Aston University offers emergency interpreter training for Ukrainian speakers to support refugeesMay 3, 20222 min read
- Dr Emmanuelle Labeau and Dr Yvonne Fowler are running Emergency Interpreting Training for Ukrainian Speakers to introduce them to the basics of interpreting
- The 10-hour training (10 x one hour) will take place on Tuesday and Thursday evenings online for five weeks
- It is part of an Arts and Humanities Research Council (AHRC) project with support from Aston University’s College of Business and Social Sciences.
Aston University has kicked off a five-week introduction to interpreting course for Ukrainian speakers to enable emergency interpreters to support Ukrainian refugees arriving in the UK.
It is part of an Arts and Humanities Research Council (AHRC) project called BRUM (Birmingham Research for Upholding Multilingualism) with support from Aston University’s College of Business and Social Sciences.
Dr Emmanuelle Labeau (AHRC fellow for the Future of Language Research) and Dr Yvonne Fowler are running Emergency Interpreting Training for Ukrainian Speakers. The 10-hour training scheme (10 one-hour sessions) started on 28 April 2022 and will take place every Tuesday and Thursday evening online for five weeks.
It has been devised to enable emergency interpreters to deliver a better service to traumatised Ukrainian refugees whose English is limited and who may require interpreting help in every aspect of their lives to access housing, physical and mental healthcare, educational facilities and welfare benefits.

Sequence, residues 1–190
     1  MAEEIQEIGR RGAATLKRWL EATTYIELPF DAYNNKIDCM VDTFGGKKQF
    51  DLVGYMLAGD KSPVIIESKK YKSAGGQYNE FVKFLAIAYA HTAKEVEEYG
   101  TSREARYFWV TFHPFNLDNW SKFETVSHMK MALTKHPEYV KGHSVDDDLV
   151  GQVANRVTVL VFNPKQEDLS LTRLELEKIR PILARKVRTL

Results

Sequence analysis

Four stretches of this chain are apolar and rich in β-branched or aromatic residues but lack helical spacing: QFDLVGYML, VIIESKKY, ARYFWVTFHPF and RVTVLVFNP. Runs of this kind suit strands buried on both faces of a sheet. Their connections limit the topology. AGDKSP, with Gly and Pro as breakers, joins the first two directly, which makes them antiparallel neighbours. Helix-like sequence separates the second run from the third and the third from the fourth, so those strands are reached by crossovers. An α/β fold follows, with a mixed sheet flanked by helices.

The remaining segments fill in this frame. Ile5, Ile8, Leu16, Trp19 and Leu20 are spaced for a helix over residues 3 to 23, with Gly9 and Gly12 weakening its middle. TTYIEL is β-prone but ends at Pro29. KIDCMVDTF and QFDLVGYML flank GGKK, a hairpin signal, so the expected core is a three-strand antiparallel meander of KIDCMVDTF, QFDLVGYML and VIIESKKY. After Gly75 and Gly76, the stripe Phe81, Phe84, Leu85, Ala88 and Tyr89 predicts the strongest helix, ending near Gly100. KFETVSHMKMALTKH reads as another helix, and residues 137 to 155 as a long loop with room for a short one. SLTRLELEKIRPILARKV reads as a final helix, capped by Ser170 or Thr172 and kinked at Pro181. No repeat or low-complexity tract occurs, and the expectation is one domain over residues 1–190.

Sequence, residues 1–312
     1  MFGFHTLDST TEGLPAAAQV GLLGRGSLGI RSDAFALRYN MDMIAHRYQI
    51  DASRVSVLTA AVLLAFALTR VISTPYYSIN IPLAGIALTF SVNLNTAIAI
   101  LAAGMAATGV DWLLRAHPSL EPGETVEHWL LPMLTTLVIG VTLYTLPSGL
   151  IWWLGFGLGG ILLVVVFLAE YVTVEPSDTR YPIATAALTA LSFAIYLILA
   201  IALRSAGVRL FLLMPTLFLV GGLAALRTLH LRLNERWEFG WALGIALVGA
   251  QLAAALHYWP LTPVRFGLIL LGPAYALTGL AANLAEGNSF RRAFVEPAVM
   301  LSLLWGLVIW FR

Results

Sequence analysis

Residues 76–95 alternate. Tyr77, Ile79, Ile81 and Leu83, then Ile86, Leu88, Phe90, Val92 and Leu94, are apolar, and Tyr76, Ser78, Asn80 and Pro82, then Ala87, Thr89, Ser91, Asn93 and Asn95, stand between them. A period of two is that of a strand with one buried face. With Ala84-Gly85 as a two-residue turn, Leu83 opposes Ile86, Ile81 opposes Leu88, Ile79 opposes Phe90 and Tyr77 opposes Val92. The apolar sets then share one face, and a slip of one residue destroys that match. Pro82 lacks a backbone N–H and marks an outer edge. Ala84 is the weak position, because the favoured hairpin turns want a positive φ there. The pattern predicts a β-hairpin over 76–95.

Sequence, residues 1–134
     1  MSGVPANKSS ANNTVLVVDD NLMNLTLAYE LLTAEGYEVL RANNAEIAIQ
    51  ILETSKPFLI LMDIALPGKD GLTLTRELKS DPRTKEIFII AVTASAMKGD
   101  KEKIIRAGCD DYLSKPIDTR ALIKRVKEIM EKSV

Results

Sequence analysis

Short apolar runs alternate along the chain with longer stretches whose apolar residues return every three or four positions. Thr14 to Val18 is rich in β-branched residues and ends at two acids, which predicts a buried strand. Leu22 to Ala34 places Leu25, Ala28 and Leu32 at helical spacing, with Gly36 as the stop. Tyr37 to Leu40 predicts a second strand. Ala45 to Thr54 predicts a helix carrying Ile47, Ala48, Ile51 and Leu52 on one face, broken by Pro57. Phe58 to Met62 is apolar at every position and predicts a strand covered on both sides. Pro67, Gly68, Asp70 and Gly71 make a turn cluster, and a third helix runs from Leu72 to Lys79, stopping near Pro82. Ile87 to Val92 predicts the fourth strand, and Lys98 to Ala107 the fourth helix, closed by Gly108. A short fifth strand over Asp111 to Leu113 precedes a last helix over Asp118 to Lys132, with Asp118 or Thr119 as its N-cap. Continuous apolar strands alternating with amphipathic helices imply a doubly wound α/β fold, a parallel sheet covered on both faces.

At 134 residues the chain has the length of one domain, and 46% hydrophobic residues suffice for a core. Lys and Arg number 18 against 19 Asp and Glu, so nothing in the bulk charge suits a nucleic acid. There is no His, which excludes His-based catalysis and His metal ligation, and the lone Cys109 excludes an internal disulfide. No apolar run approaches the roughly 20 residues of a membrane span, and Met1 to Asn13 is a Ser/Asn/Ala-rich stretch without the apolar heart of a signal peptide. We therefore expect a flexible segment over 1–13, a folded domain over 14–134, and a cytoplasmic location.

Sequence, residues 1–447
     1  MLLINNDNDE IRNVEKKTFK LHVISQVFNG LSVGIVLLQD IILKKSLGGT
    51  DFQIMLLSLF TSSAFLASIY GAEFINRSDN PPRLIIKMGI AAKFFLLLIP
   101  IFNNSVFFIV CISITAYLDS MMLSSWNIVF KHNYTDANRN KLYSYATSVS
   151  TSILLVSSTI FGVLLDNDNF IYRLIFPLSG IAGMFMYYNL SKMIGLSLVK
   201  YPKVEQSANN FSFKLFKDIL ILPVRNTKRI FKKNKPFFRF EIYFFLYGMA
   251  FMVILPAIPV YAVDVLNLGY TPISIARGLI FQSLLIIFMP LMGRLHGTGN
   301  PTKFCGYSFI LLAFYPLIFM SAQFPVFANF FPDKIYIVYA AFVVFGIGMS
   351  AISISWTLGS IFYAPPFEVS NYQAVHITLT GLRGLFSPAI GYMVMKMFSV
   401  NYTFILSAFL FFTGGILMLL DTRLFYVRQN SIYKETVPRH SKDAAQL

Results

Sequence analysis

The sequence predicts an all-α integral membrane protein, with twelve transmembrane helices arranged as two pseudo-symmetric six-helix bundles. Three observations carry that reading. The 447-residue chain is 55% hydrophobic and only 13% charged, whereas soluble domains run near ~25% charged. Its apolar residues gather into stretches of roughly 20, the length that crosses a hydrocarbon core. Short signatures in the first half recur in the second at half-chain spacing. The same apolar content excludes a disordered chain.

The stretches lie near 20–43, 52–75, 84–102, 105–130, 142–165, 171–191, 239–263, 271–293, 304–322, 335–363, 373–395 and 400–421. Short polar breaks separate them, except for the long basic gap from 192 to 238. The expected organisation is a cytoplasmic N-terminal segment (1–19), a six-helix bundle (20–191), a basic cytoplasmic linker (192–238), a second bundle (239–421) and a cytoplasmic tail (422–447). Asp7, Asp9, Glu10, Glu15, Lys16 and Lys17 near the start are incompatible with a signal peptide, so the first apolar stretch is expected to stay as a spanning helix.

Dr Emmanuelle Labeau, co-director of Aston Centre for Applied Linguistics (ACAL) at Aston University, said:
“Ukrainian refugees are arriving in the UK and there are few trained qualified Ukrainian interpreters to support those refugees with limited or no English in their dealings with public services.
“We have had a fantastic response to our offer of free emergency training in interpreting for Ukrainian speakers in the West Midlands, as part of the AHRC-funded BRUM project.
“I am thrilled that we have been able to pull this together and I am really pleased with how the first session went. We have people of all walks of life such as social services, healthcare, education and even a refugee who are so committed to help in any way they can, and it is lovely to empower them to do so!”
Dr Yvonne Fowler said:
“I am really proud to see this project get off the ground and help people in need.
“I have been a public service interpreter trainer for the last 25 years.
“My work has mostly involved preparing interpreters for the Diploma In Public Service, Interpreting Law and Healthcare options.
“But during this period, I delivered emergency interpreter training to support various waves of refugees who have come to Birmingham over the last 20 years: the Vietnamese boat refugees, the Bosnian refugees in the aftermath of the Bosnian war, and a month in Kosovo after the war there to train Albanian and Serbian interpreters at the Organisation for Security and Cooperation in Europe.”